Bookshelf

Troubleshooter: J.K. Choy, From Pirate’s Son to Diplomat and Banker by Dr. Daniel Choy ’44. Choy’s biography of his father, Jun Ke Choy CC 1915, who left Hawaii in 1911 and rose to a top government post in China before finding success in the United States as a banker and community advocate (Independently published, $14.99).

Smack in the Middle: My Turbulent Time Treating Heroin Addicts at Odyssey House by Gibbs Williams ’59. Psychotherapist Williams describes his work treating addicts in a Manhattan therapeutic community over 17 months in the late 1960s (History Publishing Co., $19.95).

Birds in Winter: Surviving the Most Challenging Season by Roger Pasquier ’69. The first book devoted to the ecology and behavior of birds during cold weather; Pasquier explores how winter affects birds’ lives throughout the year (Princeton University Press, $29.95).


Volunteer: Adventures in Humanism by Dr. Daniel Albert ’70. In addition to practicing medicine in academic institutions, Albert made it his life’s work to volunteer in disenfranchised areas around the world (Austin Macauley Publishers, $35.95).

Returning from Afar: A Memoir by Benson Bobrick ’71. This dramatic farewell work from the author The New York Times described as “perhaps the most interesting American historian writing today” is part memoir, part religious autobiography (Stillwater Books, $16.95).

Phebe’s War: A Revolutionary War Tale by Michael Coudreaut ’85. Despite constant threat from the British armies, a young girl living in the Hudson Highlands plays a critical role in assisting the Revolutionary War effort (Hellgate Press, $12.95).

The Self-Care Solution: A Year of Becoming Happier, Healthier and Fitter — One Month at a Time by Dr. Jennifer Ashton ’91. Ashton, chief medical correspondent for ABC News and an ob-gyn in private practice, shares a yearlong plan to improve your physical and emotional health (William Morrow, $26.99).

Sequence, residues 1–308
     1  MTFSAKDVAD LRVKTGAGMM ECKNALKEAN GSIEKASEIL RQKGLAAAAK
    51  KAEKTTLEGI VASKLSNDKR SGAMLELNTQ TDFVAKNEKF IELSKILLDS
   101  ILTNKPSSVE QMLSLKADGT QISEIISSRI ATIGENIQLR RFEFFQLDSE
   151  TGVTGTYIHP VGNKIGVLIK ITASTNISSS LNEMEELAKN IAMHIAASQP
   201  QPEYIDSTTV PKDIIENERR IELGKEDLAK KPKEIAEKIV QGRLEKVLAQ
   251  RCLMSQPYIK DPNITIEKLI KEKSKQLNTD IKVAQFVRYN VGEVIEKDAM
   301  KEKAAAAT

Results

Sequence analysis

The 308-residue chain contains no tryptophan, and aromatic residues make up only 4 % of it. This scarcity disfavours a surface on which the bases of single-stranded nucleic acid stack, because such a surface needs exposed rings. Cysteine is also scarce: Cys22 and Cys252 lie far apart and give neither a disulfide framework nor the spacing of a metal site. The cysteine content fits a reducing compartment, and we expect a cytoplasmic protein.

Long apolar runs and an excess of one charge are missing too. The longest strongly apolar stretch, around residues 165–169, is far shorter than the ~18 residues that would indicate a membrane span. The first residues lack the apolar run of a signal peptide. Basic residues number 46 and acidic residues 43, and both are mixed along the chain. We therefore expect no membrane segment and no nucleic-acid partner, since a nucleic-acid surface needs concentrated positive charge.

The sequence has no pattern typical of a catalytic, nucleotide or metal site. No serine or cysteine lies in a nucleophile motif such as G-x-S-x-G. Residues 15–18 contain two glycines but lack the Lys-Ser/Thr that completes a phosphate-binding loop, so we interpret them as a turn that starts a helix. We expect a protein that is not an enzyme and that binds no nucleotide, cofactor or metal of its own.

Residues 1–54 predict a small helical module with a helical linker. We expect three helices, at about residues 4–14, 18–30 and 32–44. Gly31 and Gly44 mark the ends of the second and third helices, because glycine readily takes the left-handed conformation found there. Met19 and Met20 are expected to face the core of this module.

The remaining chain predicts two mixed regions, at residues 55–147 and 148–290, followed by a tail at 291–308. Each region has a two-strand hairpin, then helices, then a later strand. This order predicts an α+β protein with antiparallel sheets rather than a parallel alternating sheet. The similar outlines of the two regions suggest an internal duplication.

PACE by K.M. Halpern ’91. Halpern’s third work of fiction, about a mysterious and deadly “front” originating from Scotland, is described as “a pitch-black global thriller that is nevertheless supremely intimate” (Epsilon Books, $29.99).

The Financial Ecosystem: The Role of Finance in Achieving Sustainability by Satyajit Bose ’94, Guo Dong and Anne Simpson. Bose, an associate professor at the School of Professional Studies, and his co-authors describe how corporate functioning could be made compatible with human welfare (Palgrave Macmillan, $119.99).

The Perfect Escape by Suzanne Park ’97. In Park’s debut YA rom-com, a lovable hero and his colleague at a zombie-themed escape room compete in a survivalist competition for a huge cash prize (Sourcebooks Fire, $10.99).


The Pearls by Will Heinrich ’99. Heinrich, an art critic for The New York Times, considers painting, love, Jewish identity and more in this novel about a raucous 1920s love triangle that crosses the country from New York City to Sheridan, Wyo. (Elective Affinity, $25).

Putting Joy into Practice: Seven Ways to Lift Your Spirit from the Early Church by Phoebe Farag Mikhail ’00. The author explains how to experience joy through seven spiritual practices, including giving thanks, hospitality and praise (Paraclete Press, $16.99).

Bricks & Brownstone: The New York Row House by Patrick Ciccone ’03, Charles Lockwood and Jonathan D. Taylor. This beautifully illustrated reissued volume, first published in 1972, examines the varied architectural styles of the New York City brownstone (Rizzoli, $176).


The Power of Human: How Our Shared Humanity Can Help Us Create a Better World by Adam Waytz ’03. Social psychologist Waytz describes how to “rehumanize” our technology-filled lives by reconnecting with our natural, instinctive powers (W.W. Norton & Co., $26.95).

Financializing Poverty: Labor and Risk in Indian Microfinance by Sohini Kar ’04. Kar examines how the business of giving small loans to poor borrowers has allowed financial institutions in Kolkata, India, to capitalize on the poverty of its residents (Stanford University Press, $90).

The Influence of Soros: Politics, Power and the Struggle for Open Society by Emily Tamkin ’12. Tamkin, an editor at the New Statesman, considers the influence of hedge und tycoon George Soros and uncovers the truth about the conspiracies that surround him (Harper, $28.99).

Jill C. Shomer

Columbia College Authors!

Please send us your latest book, to be included in an upcoming issue. We welcome new or recently published books by College alumni, faculty and students as well as books about the College and its people. Please send early-stage copies, with a press release, as promptly as possible to:

Bookshelf Editor
Columbia College Today
Columbia Alumni Center
622 W. 113th St., MC 4530, 4th Fl.
New York, NY 10025

Please be patient — we receive a great many submissions and your book may not appear for several issues. We also advise that alumni send an update about the book (and themselves) to their Class Notes correspondent so as to gain additional publication coverage.